Original Source: http://feedproxy.google.com/~r/tympanus/~3/Z9mQmEc5x48/
Over the course of six weeks, we published six articles that covered a variety of SVG Filter effects and the filter primitives used to create them:
SVG Filters 101— in which we covered the basics for getting started with SVG filters.
In the second article, Outline Text with <feMorphology>, we learned about feMorphology and how it can be used to shrink and expand content. We saw how we can use it co create text outlines and paint-like image effects.
The third article, Poster Image Effect with <feComponentTransfer> was our first step into the world of feComponentTransfer. We learned how we can use it to create poster image effects.
In the fourth article, Duotone Images with <feComponentTransfer> we dug further into feComponentTransfer. We learned how to use it to recreate Photoshop’s duotone effects by creating gradient maps and applying them to images.
In the fifth article, Conforming Text to Surface Texture with <feDisplacementMap> we recreated another Photoshop-grade effect and learned how to conform text to surface texture. We saw how the steps to recreate Photoshop effects are very similar in SVG.
And in the sixth article, Creating Texture with <feTurbulence> we learned how to generate our own textures using SVG’s feTurbulence primitive. We learned how to use it to distort HTML and SVG content, as well as simulate natural texture by combining it with SVG’s lighting effects. All pretty powerful stuff.
Even though we covered a lot of areas, I can confidently say that we barely scratched the surface of what’s possible with SVG Filters. In this short follow-up article, I want to share some of my favorite resources to learn more about SVG Filters.
Moving Forward: SVG Filter Learning Resources and Experiments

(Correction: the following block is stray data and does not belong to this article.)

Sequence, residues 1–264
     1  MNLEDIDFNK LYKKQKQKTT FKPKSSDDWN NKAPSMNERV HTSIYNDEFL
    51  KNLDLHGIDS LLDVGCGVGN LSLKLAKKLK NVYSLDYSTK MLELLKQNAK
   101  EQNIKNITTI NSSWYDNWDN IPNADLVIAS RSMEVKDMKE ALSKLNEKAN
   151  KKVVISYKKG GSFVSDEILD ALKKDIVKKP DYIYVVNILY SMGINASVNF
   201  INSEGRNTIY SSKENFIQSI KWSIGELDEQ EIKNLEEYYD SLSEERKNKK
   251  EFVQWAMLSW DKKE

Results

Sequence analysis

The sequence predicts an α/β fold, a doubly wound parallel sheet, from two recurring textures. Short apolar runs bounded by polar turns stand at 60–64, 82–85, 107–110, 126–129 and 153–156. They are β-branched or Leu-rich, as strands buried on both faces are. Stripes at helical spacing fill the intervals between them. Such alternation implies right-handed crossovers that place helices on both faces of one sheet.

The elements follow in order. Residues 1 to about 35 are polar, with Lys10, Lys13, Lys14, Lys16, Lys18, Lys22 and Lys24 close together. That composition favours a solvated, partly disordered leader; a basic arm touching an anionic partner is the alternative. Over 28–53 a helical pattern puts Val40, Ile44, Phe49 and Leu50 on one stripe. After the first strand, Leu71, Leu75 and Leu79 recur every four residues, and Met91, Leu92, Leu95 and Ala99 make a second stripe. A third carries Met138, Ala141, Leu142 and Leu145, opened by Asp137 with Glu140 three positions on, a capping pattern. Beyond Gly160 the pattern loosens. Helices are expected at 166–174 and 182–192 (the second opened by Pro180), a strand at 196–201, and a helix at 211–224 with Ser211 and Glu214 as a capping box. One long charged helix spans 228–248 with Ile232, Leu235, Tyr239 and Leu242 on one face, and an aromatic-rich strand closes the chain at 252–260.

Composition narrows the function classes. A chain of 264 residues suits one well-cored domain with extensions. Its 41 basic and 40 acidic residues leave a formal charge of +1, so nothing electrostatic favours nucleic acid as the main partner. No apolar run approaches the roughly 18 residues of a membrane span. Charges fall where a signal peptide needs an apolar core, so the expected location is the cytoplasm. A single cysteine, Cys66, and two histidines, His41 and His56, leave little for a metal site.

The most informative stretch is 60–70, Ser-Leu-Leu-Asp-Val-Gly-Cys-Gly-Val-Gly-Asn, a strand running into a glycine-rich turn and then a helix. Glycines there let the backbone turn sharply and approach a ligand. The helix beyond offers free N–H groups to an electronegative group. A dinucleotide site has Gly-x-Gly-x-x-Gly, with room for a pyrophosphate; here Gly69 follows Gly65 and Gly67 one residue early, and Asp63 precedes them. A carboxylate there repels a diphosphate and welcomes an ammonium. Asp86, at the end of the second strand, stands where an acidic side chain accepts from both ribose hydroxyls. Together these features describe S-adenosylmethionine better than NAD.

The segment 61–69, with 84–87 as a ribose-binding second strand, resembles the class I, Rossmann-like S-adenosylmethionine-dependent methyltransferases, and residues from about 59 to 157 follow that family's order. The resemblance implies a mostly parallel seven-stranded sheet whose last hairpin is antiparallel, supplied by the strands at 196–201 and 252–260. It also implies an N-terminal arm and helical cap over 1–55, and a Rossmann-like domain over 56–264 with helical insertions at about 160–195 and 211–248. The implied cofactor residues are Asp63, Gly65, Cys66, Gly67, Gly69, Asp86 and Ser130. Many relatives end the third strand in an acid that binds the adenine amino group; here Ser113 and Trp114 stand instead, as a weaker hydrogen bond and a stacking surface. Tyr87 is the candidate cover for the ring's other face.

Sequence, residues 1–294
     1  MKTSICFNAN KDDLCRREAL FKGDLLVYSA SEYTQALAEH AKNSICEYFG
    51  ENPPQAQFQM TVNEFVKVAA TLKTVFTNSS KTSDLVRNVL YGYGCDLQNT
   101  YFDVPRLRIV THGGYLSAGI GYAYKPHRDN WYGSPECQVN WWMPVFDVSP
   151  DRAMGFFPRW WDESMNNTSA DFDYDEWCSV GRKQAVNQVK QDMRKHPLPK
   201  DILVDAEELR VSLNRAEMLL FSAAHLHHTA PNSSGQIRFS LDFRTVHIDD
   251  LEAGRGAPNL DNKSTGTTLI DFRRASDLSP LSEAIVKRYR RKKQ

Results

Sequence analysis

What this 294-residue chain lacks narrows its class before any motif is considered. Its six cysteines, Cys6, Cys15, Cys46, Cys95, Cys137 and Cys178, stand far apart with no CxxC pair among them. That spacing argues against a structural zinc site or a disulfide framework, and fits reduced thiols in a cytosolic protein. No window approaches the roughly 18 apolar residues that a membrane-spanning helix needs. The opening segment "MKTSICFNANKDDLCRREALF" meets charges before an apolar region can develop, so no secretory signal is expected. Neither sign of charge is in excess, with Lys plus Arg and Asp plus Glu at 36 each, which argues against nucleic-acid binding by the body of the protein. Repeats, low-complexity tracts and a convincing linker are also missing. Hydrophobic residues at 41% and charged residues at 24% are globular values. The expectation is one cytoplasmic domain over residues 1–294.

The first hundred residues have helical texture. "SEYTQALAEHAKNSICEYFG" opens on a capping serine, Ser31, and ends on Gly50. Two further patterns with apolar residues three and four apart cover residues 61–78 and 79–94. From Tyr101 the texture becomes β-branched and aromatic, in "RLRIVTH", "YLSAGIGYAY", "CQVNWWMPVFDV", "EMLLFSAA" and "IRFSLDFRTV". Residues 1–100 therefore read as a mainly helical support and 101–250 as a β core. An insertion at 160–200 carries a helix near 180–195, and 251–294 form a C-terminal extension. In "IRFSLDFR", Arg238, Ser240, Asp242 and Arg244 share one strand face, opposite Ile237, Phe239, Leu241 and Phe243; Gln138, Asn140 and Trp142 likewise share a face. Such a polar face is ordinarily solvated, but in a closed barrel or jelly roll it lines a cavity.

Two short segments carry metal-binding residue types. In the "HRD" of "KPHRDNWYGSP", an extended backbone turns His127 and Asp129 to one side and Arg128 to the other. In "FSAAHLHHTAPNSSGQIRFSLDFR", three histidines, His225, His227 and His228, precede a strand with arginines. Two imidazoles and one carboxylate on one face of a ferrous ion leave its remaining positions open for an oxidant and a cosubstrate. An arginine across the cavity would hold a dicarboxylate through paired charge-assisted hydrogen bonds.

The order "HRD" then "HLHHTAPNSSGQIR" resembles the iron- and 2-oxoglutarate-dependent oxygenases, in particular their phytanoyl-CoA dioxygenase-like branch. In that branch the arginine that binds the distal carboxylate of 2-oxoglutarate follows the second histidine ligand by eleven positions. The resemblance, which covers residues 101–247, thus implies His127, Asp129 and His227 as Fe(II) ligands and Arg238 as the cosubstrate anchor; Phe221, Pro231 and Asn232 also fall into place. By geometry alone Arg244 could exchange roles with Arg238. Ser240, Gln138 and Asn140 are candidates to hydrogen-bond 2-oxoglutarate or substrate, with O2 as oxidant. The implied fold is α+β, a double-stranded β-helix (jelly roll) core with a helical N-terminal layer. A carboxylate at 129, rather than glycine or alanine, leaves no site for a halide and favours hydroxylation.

To get an even broader idea of the incredible possibilities that SVG Filters bring to the Web, I highly recommend checking out Lucas Bebber’s Codepen profile. Lucas is the guy who created the famous Gooey Effect using SVG Filters. His experiments include even more impressive effects that are guaranteed to inspire you and get you excited about the possibilities that SVG brings to the Web.
See the Pen Gooey Menu by Lucas Bebber (@lbebber) on CodePen.light
See the Pen CSS Text filling with water by Lucas Bebber (@lbebber) on CodePen.light
Michael Mullany was my go-to resource for learning when I took my first dive into the world of SVG filters. I learned a lot from his writing, his contributions to the Web Platform Docs’ SVG Filters entries, and his Codepen experiments which are literally an SVG Filters gold mine! Check out this Stranger Things logo recreated entirely with SVG Filters:
See the Pen Stranger Things Logo in SVG (Filters) by Michael Mullany (@mullany) on CodePen.light
David Dailey has a fantastic introduction to SVG Filters in which he shows a wide range of possible effects that he created with feTurbulence, including but not limited to heavy cloud and bokeh-like effects.
The results of adjusting the results of feTurbulence with other filter primitives. Adjusting and saturating colors with feColorMatrix, as well as sharpening with feConvolveMatrix are examples of things you can do with generated noise.
Dirk Weber also created some of the best SVG Filter effects that I personally learned a lot from. He shared his experiments in an article on Smashing Magazine more than three years ago! He shares a variety of text effects created using SVG filters. You’ll find examples of grunge texture, protruding and 3D text, water splash effects (uses feTurbulence), and many more. Dirk uses two filter primitives in his experiments that we didn’t touch on in this series: